“Letter to a celebrity” (an entry for )
Dear Mr Clooney
I think a human being is made interesting by their irrational prejudices.
One of mine is against you.
Yes, I know, perhaps an international lawyer should really prioritise war criminals, holocaust deniers, terrorists, the architects of US foreign policy or people who kick puppies.
But, some time ago, I assigned you – with good cause - the title of “the ineffably smug George Clooney” and the crown of being my least favourite actor. My ostensible reason at the time was that – well, you really do only ever play one character don’t you? It's alway just pure Clooney: invariably smug and swaggering, if occasionally with a cutesy Southern accent.
However, some of my favourite actors of the black-and-white/early colour era have this same lack of range, Humphrey Bogart or Jimmy Stewart to take two at random. Bogart, the only man alive capable of generating Raymond-Chandler-esque film noir sex appeal despite being saddled with a first name more at home in the post-World War I British Foreign Office (“I say, Humphrey, could we no move the borders of Turkey a bit to the left? I think the Kurds will be much happier over in Persia, don’t you, Bumps, old chap?”) Stewart, who despite a homespun charm that could have just become irritating, managed under Hitchcock to express a kind of suburban dread which Grant could never summon.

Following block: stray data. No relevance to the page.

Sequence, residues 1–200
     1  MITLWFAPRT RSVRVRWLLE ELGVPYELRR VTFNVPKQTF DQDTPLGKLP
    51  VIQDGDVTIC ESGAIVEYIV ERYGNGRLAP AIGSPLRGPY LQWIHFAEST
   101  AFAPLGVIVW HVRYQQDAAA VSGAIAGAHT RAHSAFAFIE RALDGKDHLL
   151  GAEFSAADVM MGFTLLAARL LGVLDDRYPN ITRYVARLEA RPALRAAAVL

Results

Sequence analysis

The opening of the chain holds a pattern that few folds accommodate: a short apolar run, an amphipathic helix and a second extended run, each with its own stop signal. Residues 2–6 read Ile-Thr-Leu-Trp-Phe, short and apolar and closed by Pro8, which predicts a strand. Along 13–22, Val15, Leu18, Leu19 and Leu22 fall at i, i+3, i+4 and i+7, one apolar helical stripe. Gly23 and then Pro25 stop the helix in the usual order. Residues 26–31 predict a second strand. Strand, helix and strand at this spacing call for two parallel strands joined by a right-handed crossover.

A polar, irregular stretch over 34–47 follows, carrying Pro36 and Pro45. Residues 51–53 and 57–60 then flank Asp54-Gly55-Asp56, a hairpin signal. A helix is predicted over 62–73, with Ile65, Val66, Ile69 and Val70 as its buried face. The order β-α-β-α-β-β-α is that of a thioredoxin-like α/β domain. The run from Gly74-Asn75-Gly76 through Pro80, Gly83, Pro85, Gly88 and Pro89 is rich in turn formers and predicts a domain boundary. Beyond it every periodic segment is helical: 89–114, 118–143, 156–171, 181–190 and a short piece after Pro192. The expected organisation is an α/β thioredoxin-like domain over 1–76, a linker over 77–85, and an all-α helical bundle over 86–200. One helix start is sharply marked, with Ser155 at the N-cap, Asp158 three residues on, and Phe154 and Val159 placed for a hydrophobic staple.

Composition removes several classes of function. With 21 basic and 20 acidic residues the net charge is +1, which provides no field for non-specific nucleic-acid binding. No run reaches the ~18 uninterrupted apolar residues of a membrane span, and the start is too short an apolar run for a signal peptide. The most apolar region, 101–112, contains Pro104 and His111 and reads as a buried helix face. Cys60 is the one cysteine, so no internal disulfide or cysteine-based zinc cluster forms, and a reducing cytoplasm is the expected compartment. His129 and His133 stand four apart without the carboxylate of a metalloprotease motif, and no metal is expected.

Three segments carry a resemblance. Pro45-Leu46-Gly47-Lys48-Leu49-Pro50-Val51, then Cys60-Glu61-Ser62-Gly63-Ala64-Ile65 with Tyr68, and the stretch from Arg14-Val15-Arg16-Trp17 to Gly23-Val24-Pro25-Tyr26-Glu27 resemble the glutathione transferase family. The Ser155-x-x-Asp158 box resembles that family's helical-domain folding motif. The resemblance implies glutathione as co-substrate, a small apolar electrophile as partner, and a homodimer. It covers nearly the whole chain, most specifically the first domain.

So why, Mr Clooney do I chose to pillory you?
I still haven’t seen “Three Kings”, for which you’ve generally been praised. I enjoyed “O Brother, Where Art Thou?”, “Ocean's Eleven”, “Intolerable Cruelty” and “From Dusk ‘Till Dawn”.
But let’s face it, in one of the greatest lines of cinema review of the 1990s, you were indeed the George Lazenby of the Batman series.
Yeah, sure it’s a comic book film. But you signed on for the second Schumaker disaster – it’s not as if there was no forewarning of just how awful it would be. Sure, the prospect of snogging Uma Thurman would warp the judgement of many a better man than I but - while honestly anything would have been an improvement on Val Kilmer - even the arch campness of Adam West would have been preferable to your self-congratulatory swagger. The first two Burton films were fun, dark and creepy - if ridiculous.
You, however, were merely (and unforgiveably) ridiculous. All your acting said was: “Yup, I’m a lot cooler than you. Because, me, I’m George Clooney. You? You are not George Clooney. See anyone else on screen who’s George Clooney? Nope. It’s just me. I, Clooney. Cooler. Than. You.”
And that’s pretty much all I ever find in your acting.
On the other hand, you have had the grace to say: “Confessions Of A Dangerous Mind bombed. But I can take it. Most of the films I've done haven't done particularly well. I'm surprised I'm continuing to work.”
As I said, I have to concede, on reflection, I like everything else I’ve seen you in.
So I am, with astonishing generosity, prepared to lay down the hatchet, the bazooka, the blow-torch.
You will, forever, remain “the ineffably smug George Clooney”, but I imagine I will actually go and see (despite my better judgement) “Oceans 12”, if it survives pre-production.
George, I'm extending the olive branch here. I hope you chose to take it.